A Cross-Country Analysis of Institutions and Performance
Chapter 2: Understanding Institutions: Nature, Performance, and Change
The institutional underpinnings of development, in both the general and water sector contexts, are increasingly recognized because the policy prescriptions based on the neoclassical approach and on public choice theory have proved equally ineffective in many contexts. In the context of natural resource management, with all its many forms of externalities, neither the price mechanism nor the creation of property rights can provide a durable solution. Therefore, policy prescriptions, which have moved from ‘getting the prices right’ to ‘getting the property rights right,’ now center on ‘getting institutions right’ (Williamson 1994: 3). For a better appreciation of this policy shift and as background for our subsequent analysis, we begin with a short but critical review of the theoretical literature on institutional economics. The review focuses on the nature and definitions of institutions, their key features and their analytical and methodological implications, the relation between institutions and economic performance, theories of institutional change, and the forces initiating and sustaining the process of institutional change in a generic context. INSTITUTIONS: NATURE AND DEFINITION Institutions are a pervasive phenomenon with diverse origins as they affect various dimensions of human relationships and interactions. Consequently, they have diverse definitions and interpretations, reflecting different disciplinary perspectives and theoretical traditions. But, beneath this diversity lies an undercurrent of convergence on the generic meaning and purpose of institutions. This section will show this convergence by sifting through various interpretations and definitions of institutions presented in the literature. Institutions, Knowledge, and Information Simon observes that ‘it is because...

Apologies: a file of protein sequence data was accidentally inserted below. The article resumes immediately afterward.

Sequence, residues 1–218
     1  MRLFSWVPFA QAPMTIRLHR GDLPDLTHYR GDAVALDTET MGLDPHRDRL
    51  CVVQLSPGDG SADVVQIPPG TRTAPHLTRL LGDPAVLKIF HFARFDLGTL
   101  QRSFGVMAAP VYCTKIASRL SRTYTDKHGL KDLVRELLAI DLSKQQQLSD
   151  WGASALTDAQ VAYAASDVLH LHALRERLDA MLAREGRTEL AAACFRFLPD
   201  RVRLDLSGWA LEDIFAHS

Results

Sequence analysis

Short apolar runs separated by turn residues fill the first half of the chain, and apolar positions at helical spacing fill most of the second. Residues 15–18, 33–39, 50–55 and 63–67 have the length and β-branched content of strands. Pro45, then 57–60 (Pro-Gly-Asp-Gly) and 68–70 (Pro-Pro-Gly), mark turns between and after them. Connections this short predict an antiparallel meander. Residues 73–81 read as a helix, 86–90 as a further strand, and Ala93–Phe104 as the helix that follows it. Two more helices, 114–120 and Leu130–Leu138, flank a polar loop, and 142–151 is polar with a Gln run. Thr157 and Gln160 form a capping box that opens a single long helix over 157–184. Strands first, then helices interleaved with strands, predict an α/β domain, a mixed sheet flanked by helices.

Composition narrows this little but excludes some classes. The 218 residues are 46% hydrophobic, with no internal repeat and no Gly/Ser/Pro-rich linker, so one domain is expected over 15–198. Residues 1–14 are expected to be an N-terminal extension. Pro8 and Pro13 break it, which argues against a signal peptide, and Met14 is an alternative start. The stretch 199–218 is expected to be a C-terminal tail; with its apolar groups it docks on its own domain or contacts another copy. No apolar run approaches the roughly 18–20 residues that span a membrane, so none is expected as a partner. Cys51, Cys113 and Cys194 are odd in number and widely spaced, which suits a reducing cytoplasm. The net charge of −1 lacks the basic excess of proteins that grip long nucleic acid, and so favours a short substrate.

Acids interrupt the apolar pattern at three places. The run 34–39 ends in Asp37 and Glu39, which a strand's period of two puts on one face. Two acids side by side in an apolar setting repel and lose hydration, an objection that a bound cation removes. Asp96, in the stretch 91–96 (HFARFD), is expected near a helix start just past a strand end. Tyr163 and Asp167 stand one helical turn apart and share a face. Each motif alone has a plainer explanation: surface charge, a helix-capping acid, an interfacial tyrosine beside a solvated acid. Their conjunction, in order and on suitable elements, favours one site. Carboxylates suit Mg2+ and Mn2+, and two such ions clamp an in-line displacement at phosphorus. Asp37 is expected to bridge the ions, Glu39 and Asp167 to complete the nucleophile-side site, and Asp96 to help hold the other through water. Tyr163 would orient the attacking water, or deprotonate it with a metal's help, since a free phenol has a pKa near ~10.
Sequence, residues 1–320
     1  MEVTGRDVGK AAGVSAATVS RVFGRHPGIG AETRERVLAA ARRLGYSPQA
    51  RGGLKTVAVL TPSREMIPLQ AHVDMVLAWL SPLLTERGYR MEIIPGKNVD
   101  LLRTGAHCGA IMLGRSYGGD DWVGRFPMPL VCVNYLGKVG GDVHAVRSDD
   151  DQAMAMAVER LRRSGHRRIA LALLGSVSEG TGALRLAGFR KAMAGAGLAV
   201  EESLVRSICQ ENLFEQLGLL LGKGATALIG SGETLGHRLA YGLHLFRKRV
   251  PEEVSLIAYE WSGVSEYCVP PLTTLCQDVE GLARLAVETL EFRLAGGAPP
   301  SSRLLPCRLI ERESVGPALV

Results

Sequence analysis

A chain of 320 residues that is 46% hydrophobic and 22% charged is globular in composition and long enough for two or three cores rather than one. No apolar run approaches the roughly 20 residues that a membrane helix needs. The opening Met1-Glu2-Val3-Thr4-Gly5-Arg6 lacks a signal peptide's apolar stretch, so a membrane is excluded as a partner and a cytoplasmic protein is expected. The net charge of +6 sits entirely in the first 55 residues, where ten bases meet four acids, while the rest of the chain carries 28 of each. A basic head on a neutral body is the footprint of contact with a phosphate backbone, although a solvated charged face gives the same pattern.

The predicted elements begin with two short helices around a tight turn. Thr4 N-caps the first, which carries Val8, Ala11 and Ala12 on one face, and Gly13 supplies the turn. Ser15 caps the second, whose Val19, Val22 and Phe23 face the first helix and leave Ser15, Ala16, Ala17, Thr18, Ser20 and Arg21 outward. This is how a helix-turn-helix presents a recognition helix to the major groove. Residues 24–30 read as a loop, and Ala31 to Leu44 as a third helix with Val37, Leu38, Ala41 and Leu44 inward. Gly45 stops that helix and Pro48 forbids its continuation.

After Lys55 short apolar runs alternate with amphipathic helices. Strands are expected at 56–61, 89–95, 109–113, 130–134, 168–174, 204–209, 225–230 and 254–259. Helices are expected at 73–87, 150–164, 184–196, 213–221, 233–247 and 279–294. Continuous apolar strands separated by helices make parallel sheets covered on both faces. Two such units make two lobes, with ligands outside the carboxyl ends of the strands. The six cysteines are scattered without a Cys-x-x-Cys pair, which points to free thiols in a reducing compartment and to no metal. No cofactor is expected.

You are not authenticated to view the full text of this chapter or article.
Elgaronline requires a subscription or purchase to access the full text of books or journals. Please login through your library system or with your personal username and password on the homepage.
Non-subscribers can freely search the site, view abstracts/ extracts and download selected front matter and introductory chapters for personal use.
Your library may not have purchased all subject areas. If you are authenticated and think you should have access to this title, please contact your librarian.